Regardless of political affiliation, the commitment to tackle the unacceptable re-offending rates rings universally true. The future of offender management promises to be at the forefront of the public policy agenda, particularly in the run up to the General Election.
Back in January 2012, consistently high re-offending rates, with almost half of all prison-leavers reoffending within 12 months – and 58 per cent for those serving less than a year – led to a radical overhaul offender management. Half a million crimes are committed by convicted criminals each year alone.
Statistics released by the Government back in August 2013 showed that over 26% of criminals re-offend within one year of leaving custody. In January 2014, the government released further statistics showing that 54% of offenders claim out-of-work benefits after leaving prison. This is clearly not acceptable for all those concerned.
Integrated offender management is a significant element of the Home Office and Ministry of Justice’s strategy to prevent crime and reduce reoffending. It provides a unique opportunity to maintain oversight and a degree of control over offenders who are at a high risk of reoffending, even when they are not subject to statutory supervision. The key principles of the approach were set out in a joint Home Office and Ministry of Justice publication in 2009.
Integrated offender management involves criminal justice and other agencies working together to deliver a local response to crime, targeting those offenders most at risk of reoffending or committing offences that might cause serious harm to others. Alongside this, enhancing the employment prospects of offenders though education and skills development is seen as a key pathway to reducing rates of re-offending.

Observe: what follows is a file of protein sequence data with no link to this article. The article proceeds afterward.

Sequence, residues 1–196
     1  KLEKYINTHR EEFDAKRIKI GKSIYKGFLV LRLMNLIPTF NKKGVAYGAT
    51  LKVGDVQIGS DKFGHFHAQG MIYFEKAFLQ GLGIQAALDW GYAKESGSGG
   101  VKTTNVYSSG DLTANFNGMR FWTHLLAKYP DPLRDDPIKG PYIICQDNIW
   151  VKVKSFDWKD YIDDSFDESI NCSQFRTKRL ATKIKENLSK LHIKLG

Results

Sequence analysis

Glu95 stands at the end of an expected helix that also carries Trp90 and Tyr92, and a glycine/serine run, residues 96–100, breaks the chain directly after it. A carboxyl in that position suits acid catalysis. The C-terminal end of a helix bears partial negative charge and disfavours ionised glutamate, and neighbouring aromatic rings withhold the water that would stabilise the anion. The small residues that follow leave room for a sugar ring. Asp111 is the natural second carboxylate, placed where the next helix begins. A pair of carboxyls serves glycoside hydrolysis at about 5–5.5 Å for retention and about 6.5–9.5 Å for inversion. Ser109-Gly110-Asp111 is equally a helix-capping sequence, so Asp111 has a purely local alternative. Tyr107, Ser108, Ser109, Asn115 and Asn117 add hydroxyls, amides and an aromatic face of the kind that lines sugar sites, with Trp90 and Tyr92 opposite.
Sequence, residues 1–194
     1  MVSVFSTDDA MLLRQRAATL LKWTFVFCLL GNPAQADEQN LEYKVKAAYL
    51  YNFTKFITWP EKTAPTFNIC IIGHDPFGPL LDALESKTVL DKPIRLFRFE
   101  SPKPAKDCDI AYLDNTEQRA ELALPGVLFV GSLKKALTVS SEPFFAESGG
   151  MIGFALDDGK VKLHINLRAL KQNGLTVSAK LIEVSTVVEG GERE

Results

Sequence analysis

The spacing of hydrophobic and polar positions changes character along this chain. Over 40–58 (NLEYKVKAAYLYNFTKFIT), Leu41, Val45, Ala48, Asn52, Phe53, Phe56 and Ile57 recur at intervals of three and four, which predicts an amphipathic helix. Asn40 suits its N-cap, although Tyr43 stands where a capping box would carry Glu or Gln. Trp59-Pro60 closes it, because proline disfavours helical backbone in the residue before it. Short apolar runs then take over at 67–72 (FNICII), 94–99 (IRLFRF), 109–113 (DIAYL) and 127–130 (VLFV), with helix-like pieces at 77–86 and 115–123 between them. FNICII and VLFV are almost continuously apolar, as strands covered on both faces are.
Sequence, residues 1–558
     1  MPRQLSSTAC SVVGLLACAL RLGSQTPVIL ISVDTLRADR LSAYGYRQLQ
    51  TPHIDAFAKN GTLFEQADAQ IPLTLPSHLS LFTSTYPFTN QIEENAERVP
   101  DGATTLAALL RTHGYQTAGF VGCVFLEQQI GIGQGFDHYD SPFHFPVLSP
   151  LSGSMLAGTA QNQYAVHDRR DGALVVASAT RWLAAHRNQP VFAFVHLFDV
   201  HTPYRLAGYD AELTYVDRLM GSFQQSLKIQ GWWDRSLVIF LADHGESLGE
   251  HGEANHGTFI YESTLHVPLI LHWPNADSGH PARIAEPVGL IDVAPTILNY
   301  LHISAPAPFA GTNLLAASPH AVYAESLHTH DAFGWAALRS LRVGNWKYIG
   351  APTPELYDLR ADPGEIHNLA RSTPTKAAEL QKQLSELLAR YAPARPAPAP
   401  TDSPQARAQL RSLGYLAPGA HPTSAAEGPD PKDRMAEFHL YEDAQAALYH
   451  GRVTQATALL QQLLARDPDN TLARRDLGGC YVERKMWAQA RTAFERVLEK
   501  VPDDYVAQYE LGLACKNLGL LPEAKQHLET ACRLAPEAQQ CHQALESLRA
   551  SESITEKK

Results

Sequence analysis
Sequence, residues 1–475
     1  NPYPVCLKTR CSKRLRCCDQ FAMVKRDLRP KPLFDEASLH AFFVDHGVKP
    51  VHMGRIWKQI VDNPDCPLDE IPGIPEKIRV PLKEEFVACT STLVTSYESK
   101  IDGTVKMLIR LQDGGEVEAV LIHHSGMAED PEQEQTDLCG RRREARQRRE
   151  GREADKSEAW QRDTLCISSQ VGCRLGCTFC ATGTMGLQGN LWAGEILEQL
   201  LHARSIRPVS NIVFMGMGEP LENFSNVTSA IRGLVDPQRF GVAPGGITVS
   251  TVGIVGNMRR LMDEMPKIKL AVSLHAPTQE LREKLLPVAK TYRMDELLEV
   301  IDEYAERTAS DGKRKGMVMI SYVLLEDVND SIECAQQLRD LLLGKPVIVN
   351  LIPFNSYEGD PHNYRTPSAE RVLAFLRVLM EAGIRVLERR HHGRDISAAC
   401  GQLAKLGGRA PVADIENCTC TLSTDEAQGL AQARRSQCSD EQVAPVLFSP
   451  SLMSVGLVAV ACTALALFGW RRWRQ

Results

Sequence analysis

Ofsted have previously stated that even though providing offenders in custody with high quality education and training can significantly improve their employability, only 35 per cent of education and training is currently judged as ‘good’. As a result, the Government is committed to improving this figure and is continuing to strengthen links with employers and voluntary organisations, roll out the use of virtual campuses and is placing a much greater emphasis on offenders developing the skills they need to achieve employment after release.
In addition, back in January 2014, the Government published the consultation outcome Transforming Youth Custody: Putting Education at the Heart of Detention, which stated that education will be placed at the core of the young offenders’ custodial system in order to improve their life chances. This will be achieved through placing young people in ‘Secure Colleges’ in an effort to double the amount of time they spend in education and engaging employers to ensure that the education they receive effectively prepares them for employment after release.